Effexor is an antidepressant drug first created by Wyeth, a company that was later bought by Pfizer. It was an early type of serotonin and norepinephrine reuptake inhibitor (SNRI), first approved by the U.S. Food and Drug Administration (FDA) to treat depression and brought out to the market in 1993. Since then it has helped many people cope with depression, as well as anxiety disorders, but there have been some issues too.
Like other antidepressants, Effexor was found to increase the risk of suicidal thoughts in young patients. Effexor has also been linked with serious birth defects and both Wyeth and Pfizer have faced lawsuits as a result. If you have been taking Effexor and gave birth to a child with birth defects, you could have a case against the drug companies. Cases are also being made in the name of young people who died because of suicide while taking Effexor. For many people this drug has been a help, but for those who have suffered because of it, a lawsuit may be the only way to get compensated.
How Effexor Works as an Antidepressant
The generic name for Effexor is venlafaxine, which is a type of antidepressant called a serotonin and norepinephrine reuptake inhibitor, or SNRI. This class of antidepressant works to treat depression by acting on certain neurotransmitters. These are the signaling molecules of the brain and neurons. Effexor acts on the neurotransmitters serotonin and norepinephrine.
It acts by blocking re-absorption, or reuptake of these two neurotransmitters. This has the effect of raising levels of serotonin and norepinephrine in the brain. Both of these are associated with mood and it is thought that people struggling with depression have lower levels of the neurotransmitters than is normal. An SNRI like Effexor boosts the levels, but it doesn’t take effect immediately. It can take several weeks of treatment before the mood-boosting effect is felt.
Other Uses for Effexor
Depression is the main use for Effexor, but it can also be used to treat certain anxiety disorders. These include social anxiety disorder, generalized anxiety disorder, and panic disorder. Depression and anxiety are the conditions Effexor is approved to treat, but some doctors may prescribe it off-label for other reasons. These include cataplexy, which is a muscle weakness and a symptom of narcolepsy, a sleeping disorder. Effexor may also be prescribed to treat attention deficit hyperactivity disorder and post-traumatic stress disorder.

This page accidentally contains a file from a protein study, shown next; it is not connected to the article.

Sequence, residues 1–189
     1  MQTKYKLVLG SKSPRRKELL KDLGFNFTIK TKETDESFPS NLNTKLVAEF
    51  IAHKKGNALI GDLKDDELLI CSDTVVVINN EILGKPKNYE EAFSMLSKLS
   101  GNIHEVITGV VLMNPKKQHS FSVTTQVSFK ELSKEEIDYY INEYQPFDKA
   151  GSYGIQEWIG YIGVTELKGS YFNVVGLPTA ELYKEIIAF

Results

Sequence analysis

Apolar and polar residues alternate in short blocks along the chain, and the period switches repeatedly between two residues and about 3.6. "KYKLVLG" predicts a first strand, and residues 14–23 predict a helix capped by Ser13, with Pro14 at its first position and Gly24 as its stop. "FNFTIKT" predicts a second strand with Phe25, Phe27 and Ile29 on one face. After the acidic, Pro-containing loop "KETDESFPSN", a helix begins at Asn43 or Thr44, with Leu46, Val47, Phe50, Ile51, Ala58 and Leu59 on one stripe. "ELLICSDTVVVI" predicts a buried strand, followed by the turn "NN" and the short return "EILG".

There are many possible side effects a person taking Effexor may experience. Most are mild and many of them will decrease or go away entirely after taking the drug for a while. If they do not, or if they are severe, they should be reported to a doctor. Some of the common side effects are gastrointestinal: stomach pain, diarrhea or constipation, nausea, vomiting, gas, and heart burn.
Other side effects include being weak, drowsy, or tired, having headaches or nightmares, muscle twitching, sweating and hot flashes, numbness, tingling, or shaking. You may also experience a loss of appetite, weight loss, dry mouth, or an inability to taste food. Flu-like symptoms, frequent or difficult urination, and changes in sexual ability are also possible.
Side effects of Effexor that are serious and should be reported immediately for medical attention include a fever, a rash, hives, and itching, difficulty breathing, seizures, a fast heartbeat, bruising, a lack of coordination, hallucinations, chest pains, eye pain, and loss of consciousness.
Like other antidepressants, Effexor carries a very serious, but rare risk of suicidal thoughts and actions. This seems to occur only in children, adolescents, and young adults up to the age of 24. For this reason, Effexor is not recommended for people 18 and under unless it is the best possible option for treatment of depression or another condition.